Thus we are told in many places that if one denies any part of Torah, he basically is denying all of Torah, for he is calling into question its basic integrity.  Since he has damaged the integrity of Torah, it becomes that much less effective for him in his spiritual development, and this of course is the ultimate curse, for it guarantees that we – that is, our souls – remain bound to the material world.  Looked at from a different angle, if we pick and choose which mitzvot we will do, we are substituting our own, limited, mortal human intelligence for Gd’s Intelligence, which created and continually sustains the entire universe.  The mitzvot are commandments, not a menu of suggestions for us to contemplate!  But they are commandments Gd has given us for our own good, so that we can grow and come closer to Gd.

Torah, in its integrity, gives us an absolute basis upon which to root our actions; halachah provides the principles and practical guidance for the choices we have to make every day.  If we choose not to be guided, we will most likely get lost and any progress we make will be haphazard at best, and may, Gd forbid, take us in a completely wrong direction.  Until and unless it is fully refined and purified, the human heart is no fail-safe guide to proper behavior.  Germany in the early part of the 20th century was considered one of the most advanced and civilized countries in the world, until it got completely off the track.

Gd has given us a perfect technology for bringing our individual lives and the life of the cosmos to fulfillment.  We only need to choose to use it, as it is.  Gd has also provided us with a self-repair mechanism – t’shuvah – when we inevitably fail to live up to Torah’s ideals, for as King Solomon tells us, there is nobody so perfect that he never sins in any way.  We do have to have the correct attitude towards Torah and to the authoritative tradition of interpreting it – an attitude of humility and trust in the tradition that reflects the collective consciousness of the Jewish people over the past millennia.

Pirke Avot, Chapters 3-4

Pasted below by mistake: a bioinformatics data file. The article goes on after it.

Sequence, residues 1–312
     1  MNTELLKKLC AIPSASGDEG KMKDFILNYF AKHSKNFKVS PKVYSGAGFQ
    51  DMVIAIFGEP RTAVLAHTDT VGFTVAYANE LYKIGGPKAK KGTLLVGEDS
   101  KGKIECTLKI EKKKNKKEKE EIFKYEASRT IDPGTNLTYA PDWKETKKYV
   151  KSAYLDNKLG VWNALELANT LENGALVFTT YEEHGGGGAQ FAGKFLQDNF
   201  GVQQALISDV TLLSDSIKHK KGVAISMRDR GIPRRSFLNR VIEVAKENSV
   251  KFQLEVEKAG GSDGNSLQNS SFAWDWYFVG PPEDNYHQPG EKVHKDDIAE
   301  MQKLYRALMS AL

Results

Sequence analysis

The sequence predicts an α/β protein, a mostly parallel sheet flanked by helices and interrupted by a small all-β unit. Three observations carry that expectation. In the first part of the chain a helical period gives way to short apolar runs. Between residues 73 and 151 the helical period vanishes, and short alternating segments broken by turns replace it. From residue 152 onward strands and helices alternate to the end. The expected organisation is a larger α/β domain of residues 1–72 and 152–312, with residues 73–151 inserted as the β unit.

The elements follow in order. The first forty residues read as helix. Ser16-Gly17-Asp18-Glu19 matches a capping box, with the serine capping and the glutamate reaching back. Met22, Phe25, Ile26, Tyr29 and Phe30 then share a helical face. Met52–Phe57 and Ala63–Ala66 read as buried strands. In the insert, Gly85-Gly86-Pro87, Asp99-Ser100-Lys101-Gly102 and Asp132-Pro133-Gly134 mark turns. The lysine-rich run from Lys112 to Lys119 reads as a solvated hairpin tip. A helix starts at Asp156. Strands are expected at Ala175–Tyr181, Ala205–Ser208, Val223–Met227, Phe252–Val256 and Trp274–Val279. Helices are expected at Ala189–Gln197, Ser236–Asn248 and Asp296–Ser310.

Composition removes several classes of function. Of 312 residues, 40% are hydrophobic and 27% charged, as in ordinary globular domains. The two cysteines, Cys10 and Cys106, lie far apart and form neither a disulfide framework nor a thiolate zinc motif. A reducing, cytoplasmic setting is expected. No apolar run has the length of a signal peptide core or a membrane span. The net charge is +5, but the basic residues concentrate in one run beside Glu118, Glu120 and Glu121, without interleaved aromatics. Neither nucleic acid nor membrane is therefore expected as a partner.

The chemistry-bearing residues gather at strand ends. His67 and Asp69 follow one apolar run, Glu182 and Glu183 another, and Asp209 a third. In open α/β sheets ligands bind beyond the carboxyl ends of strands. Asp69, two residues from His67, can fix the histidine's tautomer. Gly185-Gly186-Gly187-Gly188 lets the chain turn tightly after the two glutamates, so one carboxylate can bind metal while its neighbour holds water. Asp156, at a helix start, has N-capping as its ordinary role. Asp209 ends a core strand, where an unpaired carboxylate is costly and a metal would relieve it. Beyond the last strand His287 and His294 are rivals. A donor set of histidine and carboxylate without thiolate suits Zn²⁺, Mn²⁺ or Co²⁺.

Chapter 4, Mishnah 10

[R. Yishmael] used to say,

Do not judge alone, for only One judges alone.

This admonition of R. Yishmael’s is primarily addressed to actual judges.  A Jewish court may have, in almost all cases, no fewer than three judges; in some situations this number may be increased, and there were also tribal and regional Sanhedrins of 23 judges, plus the great Sanhedrin in Jerusalem, which met on the Temple Mount and had 71 judges.  But I think we can all take this admonition to heart.  We are all called upon to judge every day.  We have to judge what foods to eat, what kind of clothing to wear, what kind of work we will do, how we will behave to others.  If we try to judge alone, that is, on the basis of our individual understanding of right and wrong, then we are very likely to run into trouble.  Rather, R. Yishmael advises, we should recognize that only Gd can judge by Himself, for only Gd’s perception and understanding is infinite and able to comprehend the whole range of effects and ramifications of any action.  In our case however, there is no need at all for us to go it alone.  We have a tradition that stems directly from Gd, and whose development has been guided by Gd, either directly through the direct insights of the Prophets and Sages of our tradition, or indirectly through the application of the rules of exegesis to Torah.  By attaching ourselves to the Tradition we can prevent ourselves from getting off the path of growth and evolution.